Erica Synths — Pico Drive

by Ian rapp

Erica Synths Pico Drive

When it comes to drive vs. distortion, I must be a drive man. I mean, who doesn’t want to be driven? Cars are driven. Successful people are driven. When you hit a golf ball real good [so I’ve heard], you drive it. Drive is a positive attribute, while, in comparison, distortion, [though much loved] is sometimes seen as a negative. Actually, a lot of times. Distorting the truth. Distortion in the car radio. Distorted faces. So yeah, drive. That’s the beans.

Well, Erica Synths is adding to the pile of positives with their new Drive, one of the latest in their compact and affordable PICO module series. Drive is a combination wavefolder and overdrive module. At 3HP, I think it’s the perfect size for this effect as I usually only want to push—I mean, drive—one, maybe two, sounds at a time in this way in any given patch. It has never seemed like a distortion/fuzz/drive module should be bigger than a guitar pedal of the same design or take up more space than a complex oscillator, as some distortion modules that are out there seem to suggest.

So what we’ve got going with Drive starting from the top of the module are pot controls for Drive, Gain, and Gain CV, and then inputs for the Gain CV and Drive CV, respectively. Then we’ve got our IN and OUT, and finally all the way at the bottom is the little Erica Synths alien synth character guy. That’s all.

Drive is pretty self explanatory; it drives the input signal. The Gain adds gain to the signal [no way?!], but needs some Drive in order to affect the signal in which to add gain to [makes sense, right?], and after the Gain knob passes the 9 o’clock mark your waveform starts folding back into itself, adding harmonics, complexity, and overtones. There’s an internal limiter built into Drive so that when the output reaches a certain unspecified level there’s no nasty clipping, and this is pretty handy because clipping sucks, and without it you’d have to be riding the input and/or output signal to tame the volume/gain as the harmonics get added to the signal. Who has time [or hands] for that? Not me, and not the Erica Synths alien mascot dude; he doesn’t even have hands. He must have had a big part in the R&D for this module.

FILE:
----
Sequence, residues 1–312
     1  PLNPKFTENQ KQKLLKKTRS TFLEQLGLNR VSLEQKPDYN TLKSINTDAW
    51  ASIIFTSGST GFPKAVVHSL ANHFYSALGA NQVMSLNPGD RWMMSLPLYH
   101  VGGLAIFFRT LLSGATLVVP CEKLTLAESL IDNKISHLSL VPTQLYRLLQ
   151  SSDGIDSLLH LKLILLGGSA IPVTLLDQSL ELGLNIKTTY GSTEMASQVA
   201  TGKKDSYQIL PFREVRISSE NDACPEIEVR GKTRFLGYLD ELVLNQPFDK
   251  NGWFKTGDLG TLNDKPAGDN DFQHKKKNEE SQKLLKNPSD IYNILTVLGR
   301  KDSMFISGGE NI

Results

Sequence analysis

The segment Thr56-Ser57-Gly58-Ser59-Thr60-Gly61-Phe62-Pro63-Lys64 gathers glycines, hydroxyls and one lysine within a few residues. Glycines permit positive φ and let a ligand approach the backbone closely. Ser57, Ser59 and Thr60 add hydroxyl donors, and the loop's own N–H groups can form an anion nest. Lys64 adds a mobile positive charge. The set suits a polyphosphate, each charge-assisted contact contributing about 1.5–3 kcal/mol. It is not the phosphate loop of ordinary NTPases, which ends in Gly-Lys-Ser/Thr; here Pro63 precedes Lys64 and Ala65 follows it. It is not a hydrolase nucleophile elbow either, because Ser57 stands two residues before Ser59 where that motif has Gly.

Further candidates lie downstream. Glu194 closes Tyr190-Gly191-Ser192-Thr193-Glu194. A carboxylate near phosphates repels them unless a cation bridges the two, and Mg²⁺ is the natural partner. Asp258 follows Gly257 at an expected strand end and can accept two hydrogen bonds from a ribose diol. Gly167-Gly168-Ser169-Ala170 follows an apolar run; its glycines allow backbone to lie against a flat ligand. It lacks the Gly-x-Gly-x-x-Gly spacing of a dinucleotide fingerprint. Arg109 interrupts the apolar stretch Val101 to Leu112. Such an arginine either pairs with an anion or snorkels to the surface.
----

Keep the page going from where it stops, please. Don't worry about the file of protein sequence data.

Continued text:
You can modulate the Gain via its CV in, be it by an LFO, ADSR, VCO, or WHTVR, and ditto for the Drive via its CV in. You can throw a lot into Drive to modulate it, and it can hang well. I found this module especially cool for basslines and drums of all sorts, distorting the pajeesum out of them, and really, when I think of Erica Synths, I first think of their little alien guy, and THEN I think of drums and bass. Maybe it’s the black motif, or maybe it’s because they just put out that cool new bass synth, and have killer drum modules of all sorts, but no matter the reason I always think of sexy-dirty-late-night low end when I think of Erica Synths. I don’t think I’m wrong here, and I don’t think I’m alone.

One thing about Drive is that you can start off as simple as can be—it’s possible to turn a regular ol’ sine wave at the input into a gnarly, toothy beast—or feed it a more complex wave, and either way you’ve got a beast with a lot of um...incisors. Possible disaster, but with the limiter acting as braces [to continue this dental analogy] it’s all under control. No crazy high orthodontic bill, either.

In short, Drive is, well...driven, and is on its way to a successful Drive career. It’s a cool little module that does what it says and is a compact and affordable way to add drive to your sound. Momma Synth Alien character must be so proud.

- Ian Rapp

Price: $115

3HP 29mA @ +12V, 29mA @ -12V